Their later years, however, did not turn out as relaxing as they had hoped. Both husband and wife had to work full-time to pay for their massive new house, and their few free hours were spent cleaning and maintaining it. They gave their old house to their son and his wife, who worked to pay for its mortgage and maintenance. The son’s child – my friends’ grandson — was put into day care while parents and grandparents worked long hours. I gathered that everyone ate on the run, often felt ill and depressed, and rarely saw their families.

It was not my business how they lived, and maybe there was more to the story. As far as I could tell, though, they had neatly divided an obvious solution into several problems.

If my friends had stayed in their old home with their son, they could have all pitched in to maintain and pay for it. If someone lost their job in this depression, others could fill the gap. They might have more time to spend with the grandchild, rather than pay exorbitant sums to see him raised by strangers.

I talk often with elderly relatives and neighbours from Missouri, Germany and Ireland. They all grew up in different worlds; a farm, an urban tenement, or the ruins of a bombed city. Ask them what has changed, though, and the answer is always the same: the ubiquitous presence of family and community.

Almost all these elders grew up with relatives in the home or nearby. Harvesting the garden, preserving food, praying in church – all these were done as a group, with children mimicking the adults. Even in urban families where most people worked, at least one relative stayed home to keep house, and families ate together, sang or played cards together, and shared beds or rooms. They may have made a fraction of the money as America’s desperately poor today, but did not feel poverty in the same way, for their lives were not spent drifting through a sea of strangers.

Inside the cheap energy window of the last few decades, however, family members were encouraged to live in isolation, first as a “nuclear family” and then as individual consumers. More households saw both parents working, more children warehoused in day cares and more families struggling to pay for escalating mortgages and expenses.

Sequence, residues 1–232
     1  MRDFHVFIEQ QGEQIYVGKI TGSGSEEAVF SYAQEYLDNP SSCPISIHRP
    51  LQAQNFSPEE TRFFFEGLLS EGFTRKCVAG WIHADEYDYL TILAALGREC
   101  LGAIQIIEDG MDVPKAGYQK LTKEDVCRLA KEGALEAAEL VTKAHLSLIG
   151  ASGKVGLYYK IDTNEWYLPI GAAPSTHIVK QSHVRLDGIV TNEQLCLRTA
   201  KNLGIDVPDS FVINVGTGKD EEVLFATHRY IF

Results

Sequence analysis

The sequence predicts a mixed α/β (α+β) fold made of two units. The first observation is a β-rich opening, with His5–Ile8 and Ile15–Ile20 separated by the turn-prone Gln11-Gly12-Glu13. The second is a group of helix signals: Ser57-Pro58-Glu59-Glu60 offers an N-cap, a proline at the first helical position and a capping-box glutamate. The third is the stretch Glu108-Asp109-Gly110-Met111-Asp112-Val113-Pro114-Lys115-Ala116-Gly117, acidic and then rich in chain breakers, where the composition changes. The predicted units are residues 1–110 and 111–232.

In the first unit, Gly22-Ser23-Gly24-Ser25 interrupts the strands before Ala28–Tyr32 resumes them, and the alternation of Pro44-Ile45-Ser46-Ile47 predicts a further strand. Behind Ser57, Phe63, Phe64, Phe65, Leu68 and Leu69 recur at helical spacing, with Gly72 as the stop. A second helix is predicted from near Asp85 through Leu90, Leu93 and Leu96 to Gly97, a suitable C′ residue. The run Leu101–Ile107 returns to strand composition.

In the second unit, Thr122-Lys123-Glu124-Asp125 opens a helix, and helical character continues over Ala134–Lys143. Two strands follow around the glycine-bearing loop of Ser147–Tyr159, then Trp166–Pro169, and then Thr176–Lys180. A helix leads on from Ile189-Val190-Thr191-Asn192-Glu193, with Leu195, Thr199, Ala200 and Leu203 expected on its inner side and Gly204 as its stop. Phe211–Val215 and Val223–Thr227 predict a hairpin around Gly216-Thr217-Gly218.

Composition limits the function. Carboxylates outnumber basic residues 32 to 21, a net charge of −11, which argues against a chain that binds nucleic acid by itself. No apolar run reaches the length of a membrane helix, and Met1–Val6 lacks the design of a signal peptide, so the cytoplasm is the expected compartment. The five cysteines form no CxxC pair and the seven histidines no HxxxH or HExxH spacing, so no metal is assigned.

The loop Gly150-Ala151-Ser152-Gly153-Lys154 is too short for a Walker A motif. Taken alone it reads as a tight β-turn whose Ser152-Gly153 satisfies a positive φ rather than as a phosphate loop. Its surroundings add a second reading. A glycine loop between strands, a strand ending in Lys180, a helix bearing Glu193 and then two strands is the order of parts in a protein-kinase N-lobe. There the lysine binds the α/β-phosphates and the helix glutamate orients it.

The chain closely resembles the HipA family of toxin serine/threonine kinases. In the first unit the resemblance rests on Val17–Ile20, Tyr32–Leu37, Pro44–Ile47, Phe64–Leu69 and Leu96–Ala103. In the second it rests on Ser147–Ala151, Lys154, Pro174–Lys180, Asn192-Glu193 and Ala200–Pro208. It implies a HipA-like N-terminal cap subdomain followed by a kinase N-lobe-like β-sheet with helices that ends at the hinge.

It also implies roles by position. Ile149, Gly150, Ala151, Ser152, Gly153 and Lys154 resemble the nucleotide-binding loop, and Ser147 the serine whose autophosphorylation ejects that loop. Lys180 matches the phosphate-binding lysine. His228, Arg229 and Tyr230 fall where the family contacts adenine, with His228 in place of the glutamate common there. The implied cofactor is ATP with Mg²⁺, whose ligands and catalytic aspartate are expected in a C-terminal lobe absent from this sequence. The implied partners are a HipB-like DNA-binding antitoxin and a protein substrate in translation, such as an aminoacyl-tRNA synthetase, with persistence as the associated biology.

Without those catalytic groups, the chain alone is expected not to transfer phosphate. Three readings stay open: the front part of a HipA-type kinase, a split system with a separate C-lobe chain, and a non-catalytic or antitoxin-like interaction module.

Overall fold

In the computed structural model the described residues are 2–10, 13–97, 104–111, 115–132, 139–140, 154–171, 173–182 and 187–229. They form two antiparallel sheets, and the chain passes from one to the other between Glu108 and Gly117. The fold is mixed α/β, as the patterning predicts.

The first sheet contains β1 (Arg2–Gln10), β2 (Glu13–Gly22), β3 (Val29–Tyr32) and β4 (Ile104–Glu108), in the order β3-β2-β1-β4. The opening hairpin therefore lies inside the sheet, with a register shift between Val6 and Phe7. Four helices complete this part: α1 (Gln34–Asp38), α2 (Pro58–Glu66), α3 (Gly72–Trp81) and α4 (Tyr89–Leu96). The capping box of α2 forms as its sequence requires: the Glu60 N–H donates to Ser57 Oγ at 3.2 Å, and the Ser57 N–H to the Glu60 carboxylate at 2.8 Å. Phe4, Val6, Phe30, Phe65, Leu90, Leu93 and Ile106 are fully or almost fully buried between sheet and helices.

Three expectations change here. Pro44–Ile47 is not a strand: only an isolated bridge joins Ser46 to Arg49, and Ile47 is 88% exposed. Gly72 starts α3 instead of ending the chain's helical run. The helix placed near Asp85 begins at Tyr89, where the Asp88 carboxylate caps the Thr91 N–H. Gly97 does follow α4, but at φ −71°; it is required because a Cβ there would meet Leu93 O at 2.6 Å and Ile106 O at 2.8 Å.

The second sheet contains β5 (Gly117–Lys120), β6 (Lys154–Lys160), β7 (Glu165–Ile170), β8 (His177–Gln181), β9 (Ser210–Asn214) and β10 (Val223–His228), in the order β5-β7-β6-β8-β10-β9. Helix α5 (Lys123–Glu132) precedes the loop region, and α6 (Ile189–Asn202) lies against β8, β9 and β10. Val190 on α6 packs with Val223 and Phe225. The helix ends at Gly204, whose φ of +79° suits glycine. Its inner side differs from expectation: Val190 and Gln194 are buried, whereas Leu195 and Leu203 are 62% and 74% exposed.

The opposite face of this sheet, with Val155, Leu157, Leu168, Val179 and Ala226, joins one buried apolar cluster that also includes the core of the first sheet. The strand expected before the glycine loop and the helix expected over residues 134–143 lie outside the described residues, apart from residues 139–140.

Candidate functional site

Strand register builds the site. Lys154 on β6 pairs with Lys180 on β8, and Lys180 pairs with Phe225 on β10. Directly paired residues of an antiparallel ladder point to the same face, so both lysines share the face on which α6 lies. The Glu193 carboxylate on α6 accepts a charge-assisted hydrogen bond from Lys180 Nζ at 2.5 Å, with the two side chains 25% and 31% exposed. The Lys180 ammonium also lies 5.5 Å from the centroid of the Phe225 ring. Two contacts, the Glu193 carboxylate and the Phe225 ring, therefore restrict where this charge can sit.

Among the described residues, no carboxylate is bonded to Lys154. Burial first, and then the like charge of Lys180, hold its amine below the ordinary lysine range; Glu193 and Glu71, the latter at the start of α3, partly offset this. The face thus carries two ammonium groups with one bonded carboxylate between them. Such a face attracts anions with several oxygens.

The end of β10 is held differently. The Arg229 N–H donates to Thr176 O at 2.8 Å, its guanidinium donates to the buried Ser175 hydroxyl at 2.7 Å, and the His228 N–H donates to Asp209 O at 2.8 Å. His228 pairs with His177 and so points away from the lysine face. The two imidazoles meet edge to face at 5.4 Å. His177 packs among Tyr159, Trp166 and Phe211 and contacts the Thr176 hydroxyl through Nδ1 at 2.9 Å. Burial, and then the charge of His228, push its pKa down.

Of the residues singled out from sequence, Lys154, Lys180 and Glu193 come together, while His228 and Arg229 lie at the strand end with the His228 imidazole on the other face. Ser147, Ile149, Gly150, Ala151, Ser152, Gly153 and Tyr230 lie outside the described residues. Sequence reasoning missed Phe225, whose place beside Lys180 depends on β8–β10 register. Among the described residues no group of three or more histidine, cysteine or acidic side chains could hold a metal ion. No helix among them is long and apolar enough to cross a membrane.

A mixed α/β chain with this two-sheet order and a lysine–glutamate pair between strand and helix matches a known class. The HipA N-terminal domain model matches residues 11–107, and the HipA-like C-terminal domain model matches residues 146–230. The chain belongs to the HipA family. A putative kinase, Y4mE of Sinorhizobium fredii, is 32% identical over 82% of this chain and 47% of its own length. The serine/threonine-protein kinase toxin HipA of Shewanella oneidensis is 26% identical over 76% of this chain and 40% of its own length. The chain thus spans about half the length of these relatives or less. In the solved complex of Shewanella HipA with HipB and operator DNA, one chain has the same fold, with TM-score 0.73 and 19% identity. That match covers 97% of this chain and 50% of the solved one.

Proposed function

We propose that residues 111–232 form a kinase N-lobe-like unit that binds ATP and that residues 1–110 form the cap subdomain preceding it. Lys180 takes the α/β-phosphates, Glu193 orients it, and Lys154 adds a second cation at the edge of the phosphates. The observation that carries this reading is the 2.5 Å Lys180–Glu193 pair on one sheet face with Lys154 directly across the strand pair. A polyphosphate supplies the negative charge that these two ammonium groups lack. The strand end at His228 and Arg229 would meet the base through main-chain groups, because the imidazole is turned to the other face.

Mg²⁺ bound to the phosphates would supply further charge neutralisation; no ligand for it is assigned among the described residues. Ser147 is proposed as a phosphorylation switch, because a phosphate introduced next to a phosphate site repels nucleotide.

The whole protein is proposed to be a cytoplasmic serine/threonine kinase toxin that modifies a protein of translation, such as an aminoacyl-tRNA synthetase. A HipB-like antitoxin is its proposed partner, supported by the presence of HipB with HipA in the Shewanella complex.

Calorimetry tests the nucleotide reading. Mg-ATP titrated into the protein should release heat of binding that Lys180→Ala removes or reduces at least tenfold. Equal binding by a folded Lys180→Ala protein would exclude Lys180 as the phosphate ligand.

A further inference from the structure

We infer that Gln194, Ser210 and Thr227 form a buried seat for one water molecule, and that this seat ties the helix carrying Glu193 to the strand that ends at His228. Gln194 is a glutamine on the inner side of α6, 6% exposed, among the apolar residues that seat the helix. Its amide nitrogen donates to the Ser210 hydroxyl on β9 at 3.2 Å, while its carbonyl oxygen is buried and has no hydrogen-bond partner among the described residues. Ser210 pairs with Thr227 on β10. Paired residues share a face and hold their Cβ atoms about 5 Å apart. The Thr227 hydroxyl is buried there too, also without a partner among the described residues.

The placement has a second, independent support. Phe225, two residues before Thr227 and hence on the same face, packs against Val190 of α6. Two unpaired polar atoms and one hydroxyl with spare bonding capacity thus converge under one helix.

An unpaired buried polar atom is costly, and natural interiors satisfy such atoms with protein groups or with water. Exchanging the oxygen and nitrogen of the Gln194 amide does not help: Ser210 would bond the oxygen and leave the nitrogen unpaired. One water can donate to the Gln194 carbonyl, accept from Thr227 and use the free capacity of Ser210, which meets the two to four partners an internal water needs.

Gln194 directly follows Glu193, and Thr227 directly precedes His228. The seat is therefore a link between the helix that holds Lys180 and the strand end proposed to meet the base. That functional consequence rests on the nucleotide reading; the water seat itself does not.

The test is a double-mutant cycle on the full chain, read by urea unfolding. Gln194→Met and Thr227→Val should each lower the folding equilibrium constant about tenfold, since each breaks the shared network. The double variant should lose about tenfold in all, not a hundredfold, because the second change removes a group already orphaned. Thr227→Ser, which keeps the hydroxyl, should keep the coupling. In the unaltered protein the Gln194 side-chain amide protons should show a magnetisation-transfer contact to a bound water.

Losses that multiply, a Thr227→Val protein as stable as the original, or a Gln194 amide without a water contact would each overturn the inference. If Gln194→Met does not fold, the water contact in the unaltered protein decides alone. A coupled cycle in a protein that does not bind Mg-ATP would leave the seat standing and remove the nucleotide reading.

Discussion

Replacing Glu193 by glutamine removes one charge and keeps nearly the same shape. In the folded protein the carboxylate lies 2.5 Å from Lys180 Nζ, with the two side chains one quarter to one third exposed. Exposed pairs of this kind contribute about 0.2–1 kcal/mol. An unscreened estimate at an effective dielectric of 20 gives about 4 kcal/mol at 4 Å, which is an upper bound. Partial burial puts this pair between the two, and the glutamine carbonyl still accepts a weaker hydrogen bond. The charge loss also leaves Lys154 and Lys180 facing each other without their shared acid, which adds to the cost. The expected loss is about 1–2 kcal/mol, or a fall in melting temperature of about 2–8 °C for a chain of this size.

These days, of course, some of us are part of online “communities,” but there we often mistake breadth for depth. No amount of Twittering can build a relationship with the old lady down the road, and no amount of online eco-activism can substitute for pollarding one’s own trees.

Merging disparate relatives under a single roof, of course, is rarely simple – we all have different standards of cleanliness and privacy, different philosophies of child-rearing and cooking. But enough lines can also make a safety net, as more hands mean more people to fill in, more likelihood of a cook or gardener or mechanic in the family, someone who can tell stories or play music at the end of the day.

More of us will find ourselves doing this. Foreclosures and unemployment will force more people to move, as will a changing climate, and loved ones are generally preferable to a shantytown behind the parking lot. Smaller families and aging Baby Boomers mean more elderly relatives who need care. We should not wait for an emergency to throw us together, though – we are better off easing into the new grocery lists, new sleeping arrangements and schedules, and new boundaries of modesty and conversation.

This is likely to be the face of our future: a hundred million small and simple changes to reduce our debt and isolation, to cope with less money and weirder weather, to consolidate our possessions and needs. We might have to shed our load of rootless consumerism, but we might also rediscover what it means to be part of something. For some people, who have spent their lives searching for connection and meaning, it will be like coming home for the first time.

 

Wednesday, 6 July 2022

Older Than Ireland: Part 2 of my interview with Jack

 


Jack was older than the nation of Ireland when I interviewed him; he grew up without electricity or cars, had lived through the Irish Civil War and World War II, and through the transformation of Ireland in the last few decades. This is the second in a series of interviews with Jack done in 2012, in which he talks about his family’s experiences during the Irish Civil War. 

This is part of my project to gather the memories of people who grew up in a leaner time, and find out what values and habits sustained them through adversity. Several decades ago, most Irish lived with firelight and travelled by horse, effectively living in a pre-fossil-fuel era. Most older Irish remember how to live without the things we take for granted.

Wednesday, 15 June 2022

Older than Ireland

 


"Sometimes when you are asked a question, it puts your mind back to something you had forgotten about for years. For example, when you asked that I remembered when we used to say the rosary at night"